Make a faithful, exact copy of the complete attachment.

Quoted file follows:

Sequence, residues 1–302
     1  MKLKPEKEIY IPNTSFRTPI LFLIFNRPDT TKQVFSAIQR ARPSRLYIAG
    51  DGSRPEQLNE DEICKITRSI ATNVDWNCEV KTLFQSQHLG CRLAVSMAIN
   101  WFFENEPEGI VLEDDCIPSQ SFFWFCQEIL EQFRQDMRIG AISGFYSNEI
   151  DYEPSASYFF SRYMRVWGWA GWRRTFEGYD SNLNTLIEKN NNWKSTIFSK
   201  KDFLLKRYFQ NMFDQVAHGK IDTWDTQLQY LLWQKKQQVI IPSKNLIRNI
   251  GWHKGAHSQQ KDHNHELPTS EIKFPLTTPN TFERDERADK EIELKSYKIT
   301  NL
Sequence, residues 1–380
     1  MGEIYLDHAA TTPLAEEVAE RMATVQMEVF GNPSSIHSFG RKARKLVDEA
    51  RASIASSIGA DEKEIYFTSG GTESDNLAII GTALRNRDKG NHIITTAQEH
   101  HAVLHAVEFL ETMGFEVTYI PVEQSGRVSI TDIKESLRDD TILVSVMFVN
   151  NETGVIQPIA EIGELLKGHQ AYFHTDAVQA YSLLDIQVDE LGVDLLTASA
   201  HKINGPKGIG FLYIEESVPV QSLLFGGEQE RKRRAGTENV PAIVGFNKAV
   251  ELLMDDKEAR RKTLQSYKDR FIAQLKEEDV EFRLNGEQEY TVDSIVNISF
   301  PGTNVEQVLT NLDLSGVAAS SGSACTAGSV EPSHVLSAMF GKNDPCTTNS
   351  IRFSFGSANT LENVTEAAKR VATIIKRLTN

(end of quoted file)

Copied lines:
Sequence, residues 1–302
     1  MKLKPEKEIY IPNTSFRTPI LFLIFNRPDT TKQVFSAIQR ARPSRLYIAG
    51  DGSRPEQLNE DEICKITRSI ATNVDWNCEV KTLFQSQHLG CRLAVSMAIN
   101  WFFENEPEGI VLEDDCIPSQ SFFWFCQEIL EQFRQDMRIG AISGFYSNEI
   151  DYEPSASYFF SRYMRVWGWA GWRRTFEGYD SNLNTLIEKN NNWKSTIFSK
   201  KDFLLKRYFQ NMFDQVAHGK IDTWDTQLQY LLWQKKQQVI IPSKNLIRNI
   251  GWHKGAHSQQ KDHNHELPTS EIKFPLTTPN TFERDERADK EIELKSYKIT
   301  NL
Sequence, residues 1–380
     1  MGEIYLDHAA TTPLAEEVAE RMATVQMEVF GNPSSIHSFG RKARKLVDEA
    51  RASIASSIGA DEKEIYFTSG GTESDNLAII GTALRNRDKG NHIITTAQEH
   101  HAVLHAVEFL ETMGFEVTYI PVEQSGRVSI TDIKESLRDD TILVSVMFVN
   151  NETGVIQPIA EIGELLKGHQ AYFHTDAVQA YSLLDIQVDE LGVDLLTASA
   201  HKINGPKGIG FLYIEESVPV QSLLFGGEQE RKRRAGTENV PAIVGFNKAV
   251  ELLMDDKEAR RKTLQSYKDR FIAQLKEEDV EFRLNGEQEY TVDSIVNISF
   301  PGTNVEQVLT NLDLSGVAAS SGSACTAGSV EPSHVLSAMF GKNDPCTTNS
   351  IRFSFGSANT LENVTEAAKR VATIIKRLTN